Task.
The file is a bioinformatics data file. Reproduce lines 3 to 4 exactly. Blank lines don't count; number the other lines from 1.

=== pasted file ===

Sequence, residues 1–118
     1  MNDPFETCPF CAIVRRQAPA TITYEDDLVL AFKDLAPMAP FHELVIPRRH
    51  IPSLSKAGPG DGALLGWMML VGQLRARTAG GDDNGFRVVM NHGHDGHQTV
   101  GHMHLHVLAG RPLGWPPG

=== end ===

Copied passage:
    51  IPSLSKAGPG DGALLGWMML VGQLRARTAG GDDNGFRVVM NHGHDGHQTV
   101  GHMHLHVLAG RPLGWPPG